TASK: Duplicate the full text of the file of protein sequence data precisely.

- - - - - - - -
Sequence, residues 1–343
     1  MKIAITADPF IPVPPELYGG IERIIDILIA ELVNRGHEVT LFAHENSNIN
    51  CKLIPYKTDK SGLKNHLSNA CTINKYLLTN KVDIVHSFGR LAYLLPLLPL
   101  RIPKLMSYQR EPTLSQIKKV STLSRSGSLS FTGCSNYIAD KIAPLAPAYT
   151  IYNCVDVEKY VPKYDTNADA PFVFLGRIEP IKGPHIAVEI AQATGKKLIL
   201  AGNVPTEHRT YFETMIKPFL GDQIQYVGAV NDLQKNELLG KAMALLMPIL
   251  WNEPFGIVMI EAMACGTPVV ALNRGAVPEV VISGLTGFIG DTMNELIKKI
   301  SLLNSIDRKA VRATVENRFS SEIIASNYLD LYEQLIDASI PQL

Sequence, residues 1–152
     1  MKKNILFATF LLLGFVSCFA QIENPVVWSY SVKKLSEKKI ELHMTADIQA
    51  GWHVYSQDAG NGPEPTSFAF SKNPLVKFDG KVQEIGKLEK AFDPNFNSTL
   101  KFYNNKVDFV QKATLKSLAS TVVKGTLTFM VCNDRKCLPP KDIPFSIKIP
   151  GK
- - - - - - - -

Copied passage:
Sequence, residues 1–343
     1  MKIAITADPF IPVPPELYGG IERIIDILIA ELVNRGHEVT LFAHENSNIN
    51  CKLIPYKTDK SGLKNHLSNA CTINKYLLTN KVDIVHSFGR LAYLLPLLPL
   101  RIPKLMSYQR EPTLSQIKKV STLSRSGSLS FTGCSNYIAD KIAPLAPAYT
   151  IYNCVDVEKY VPKYDTNADA PFVFLGRIEP IKGPHIAVEI AQATGKKLIL
   201  AGNVPTEHRT YFETMIKPFL GDQIQYVGAV NDLQKNELLG KAMALLMPIL
   251  WNEPFGIVMI EAMACGTPVV ALNRGAVPEV VISGLTGFIG DTMNELIKKI
   301  SLLNSIDRKA VRATVENRFS SEIIASNYLD LYEQLIDASI PQL

Sequence, residues 1–152
     1  MKKNILFATF LLLGFVSCFA QIENPVVWSY SVKKLSEKKI ELHMTADIQA
    51  GWHVYSQDAG NGPEPTSFAF SKNPLVKFDG KVQEIGKLEK AFDPNFNSTL
   101  KFYNNKVDFV QKATLKSLAS TVVKGTLTFM VCNDRKCLPP KDIPFSIKIP
   151  GK